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84South most recent of suburban mixed-use developments

Keith Kinsey, Portillo's Hot Dogs CEO (from left); Scott Yauck, president and CEO of Cobalt Partners; and Milwaukee County Executive Chris Abele put shovels in the ground to mark the start of construction on the 84South project on Monday in Greenfield. The mixed-use project will stand on 50 acres of redeveloped land along Interstate 894. Staff photos by Kevin Harnack

Keith Kinsey, Portillo’s Hot Dogs CEO (from left); Scott Yauck, president and CEO of Cobalt Partners; and Milwaukee County Executive Chris Abele put shovels in the ground to mark the start of construction on the 84South project on Monday in Greenfield. The mixed-use project will stand on 50 acres of redeveloped land along Interstate 894. (Staff photo by Kevin Harnack)

Hey, developers: There’s plenty of opportunity outside Milwaukee’s downtown.

That’s the message local officials hope will be sent by the 84South commercial and residential development, which is being built at the corner of 84th Street and Layton Avenue in Greenfield. When complete, the project will have 360 luxury apartments and 530,000 square feet of commercial space, including 315,000 square feet of shops and restaurants and 150,000 square feet of office space.

Cobalt Partners is the project’s developer.

At a groundbreaking event Monday, Scott Yauck, president and chief executive officer of Cobalt Partners, said a good deal more than development partnerships is going into 84South.

“It also shows the validity of suburban renewal,” he said. “Even though there’s things going on and the urban centers are changing … at the same time the suburbs are changing.”

Yauck cited research by the National Association of Research that showed people prefer to live in places that have space set aside not only for apartments but also shops and restaurants. As examples, he cited Drexel Town Square in Oak Creek and Whitestone Station in Menomonee Falls, another project being overseen by Cobalt Partners.

The Oak Creek development is bringing together a new city hall and library with commercial and residential space. Whitestone Station, for its part, has apartments and retail shops, including the big-box store Costco.

Milwaukee County Executive Chris Abele said 84South is expected to add 600 jobs and more than $165 million to the local tax base. The project will lead to “a more vibrant community in an area that maybe a lot of people didn’t think were going to get that.”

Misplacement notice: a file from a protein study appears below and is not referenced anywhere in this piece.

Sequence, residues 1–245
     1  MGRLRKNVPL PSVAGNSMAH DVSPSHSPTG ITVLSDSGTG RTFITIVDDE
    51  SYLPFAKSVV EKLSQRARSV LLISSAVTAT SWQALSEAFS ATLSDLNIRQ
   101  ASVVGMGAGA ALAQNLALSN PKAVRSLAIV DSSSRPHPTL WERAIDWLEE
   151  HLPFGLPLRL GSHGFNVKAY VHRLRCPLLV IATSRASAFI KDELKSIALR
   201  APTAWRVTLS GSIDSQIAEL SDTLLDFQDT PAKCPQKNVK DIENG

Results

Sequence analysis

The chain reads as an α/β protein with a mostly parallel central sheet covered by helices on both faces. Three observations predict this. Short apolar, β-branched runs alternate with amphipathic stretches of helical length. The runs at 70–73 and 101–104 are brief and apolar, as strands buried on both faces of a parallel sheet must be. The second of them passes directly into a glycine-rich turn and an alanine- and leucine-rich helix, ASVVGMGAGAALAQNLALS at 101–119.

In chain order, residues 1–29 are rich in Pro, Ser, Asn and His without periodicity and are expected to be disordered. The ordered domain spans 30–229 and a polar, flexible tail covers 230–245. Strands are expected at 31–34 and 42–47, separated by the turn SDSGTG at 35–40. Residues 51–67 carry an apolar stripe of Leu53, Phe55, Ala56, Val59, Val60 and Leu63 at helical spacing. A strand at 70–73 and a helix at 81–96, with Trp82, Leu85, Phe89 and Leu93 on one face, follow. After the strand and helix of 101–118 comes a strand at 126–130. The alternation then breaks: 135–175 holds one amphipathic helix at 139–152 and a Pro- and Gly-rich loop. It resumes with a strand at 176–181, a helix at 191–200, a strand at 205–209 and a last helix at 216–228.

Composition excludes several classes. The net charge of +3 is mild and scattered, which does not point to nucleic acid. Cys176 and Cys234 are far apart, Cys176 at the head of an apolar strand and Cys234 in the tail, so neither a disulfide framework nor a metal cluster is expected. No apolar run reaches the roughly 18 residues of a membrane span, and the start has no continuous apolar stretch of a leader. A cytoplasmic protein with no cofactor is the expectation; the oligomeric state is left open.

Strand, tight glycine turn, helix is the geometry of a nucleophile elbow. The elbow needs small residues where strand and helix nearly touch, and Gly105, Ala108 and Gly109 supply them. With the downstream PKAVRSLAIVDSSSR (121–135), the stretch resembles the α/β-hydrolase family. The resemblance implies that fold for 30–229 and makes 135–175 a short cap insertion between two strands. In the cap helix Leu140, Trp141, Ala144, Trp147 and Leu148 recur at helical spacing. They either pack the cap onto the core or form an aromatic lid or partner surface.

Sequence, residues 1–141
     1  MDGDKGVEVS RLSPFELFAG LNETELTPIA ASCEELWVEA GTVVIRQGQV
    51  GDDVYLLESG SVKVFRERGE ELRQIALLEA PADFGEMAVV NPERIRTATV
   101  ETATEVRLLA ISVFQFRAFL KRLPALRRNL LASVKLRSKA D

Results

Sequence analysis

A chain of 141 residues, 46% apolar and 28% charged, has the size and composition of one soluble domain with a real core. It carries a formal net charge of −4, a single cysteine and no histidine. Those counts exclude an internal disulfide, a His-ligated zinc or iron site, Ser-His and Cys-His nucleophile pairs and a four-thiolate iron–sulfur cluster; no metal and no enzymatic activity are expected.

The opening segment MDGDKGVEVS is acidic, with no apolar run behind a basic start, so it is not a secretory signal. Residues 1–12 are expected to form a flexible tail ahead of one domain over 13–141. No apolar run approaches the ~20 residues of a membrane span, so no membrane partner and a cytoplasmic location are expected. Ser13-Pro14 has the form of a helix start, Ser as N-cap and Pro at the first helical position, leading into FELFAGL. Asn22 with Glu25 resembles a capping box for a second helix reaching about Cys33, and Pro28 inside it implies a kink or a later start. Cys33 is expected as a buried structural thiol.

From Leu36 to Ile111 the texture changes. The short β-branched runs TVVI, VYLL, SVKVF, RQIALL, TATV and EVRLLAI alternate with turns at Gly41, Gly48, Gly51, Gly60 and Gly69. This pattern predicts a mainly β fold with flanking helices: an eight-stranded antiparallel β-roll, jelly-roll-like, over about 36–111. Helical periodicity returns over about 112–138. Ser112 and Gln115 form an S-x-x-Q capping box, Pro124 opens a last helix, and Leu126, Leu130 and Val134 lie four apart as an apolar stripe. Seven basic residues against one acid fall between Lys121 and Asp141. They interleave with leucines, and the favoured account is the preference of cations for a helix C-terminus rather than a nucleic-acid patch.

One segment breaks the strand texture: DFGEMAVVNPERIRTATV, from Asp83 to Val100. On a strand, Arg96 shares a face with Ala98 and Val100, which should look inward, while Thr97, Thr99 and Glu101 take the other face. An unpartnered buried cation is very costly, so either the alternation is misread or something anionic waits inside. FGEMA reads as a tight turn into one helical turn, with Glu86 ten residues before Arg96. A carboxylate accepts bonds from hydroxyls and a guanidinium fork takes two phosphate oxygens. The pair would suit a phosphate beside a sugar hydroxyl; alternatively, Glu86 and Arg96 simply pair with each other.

As further reasons why the suburbs should appeal to developers, Abele noted events such as the China Lights festival that took place this October at the Boerner Botanical Gardens in nearby Hales Corners.

County officials expected about 40,000 people to attend the first-ever Chinese-lantern festival to be held in the area. And they have not been disappointed. The event on Saturday alone drew more than 10,000 people, and well over 100,000 have attended so far.

Abele said the strong turnout should serve as a lesson to anyone who doesn’t think “there is a ton of retail drive” in the southwestern suburbs.

Greenfield Mayor Michael Neitzke said it would be hard exaggerate the benefits that 84South will bring.

“If people invest here, people will move here,” he said. “If people move here, they will attend our schools, they will be good people, they will be good corporate citizens.”

Yet, he pointed out, it took many years before the roughly 50-acre area elicited serious interest from developers.

“It’s taken a long time for all of us, the (city) staff, to point out to people that may not be from this part of town that this is a very, very, very good place to invest money in,” he said.

The groundbreaking Monday marked the substantial completion of the demolition and infrastructure work needed for the 84South project, as well as the start of the construction of three buildings.

Oak Creek-based C.W. Purpero Inc. is overseeing $12 million worth of work on the project. The company’s portion includes demolition, site-grading, utility-installation and internal road work. In addition, crews are installing an underground stormwater management system capable of handling 5.4 million gallons.

The project’s $35 million worth of vertical construction will add more than 180,000 square feet of commercial space. That work is expected to wrap up by mid-2017. Some of the first commercial tenants will include a Portillo’s restaurant, Total Wine, Fresh Thyme Farmers Market and ULTA Beauty, among others.

More commercial and residential development will be built in the ensuing years.

About Alex Zank, alex.zank@dailyreporter.com

Alex Zank is a construction reporter for The Daily Reporter. He can be reached at 414-225-1820.

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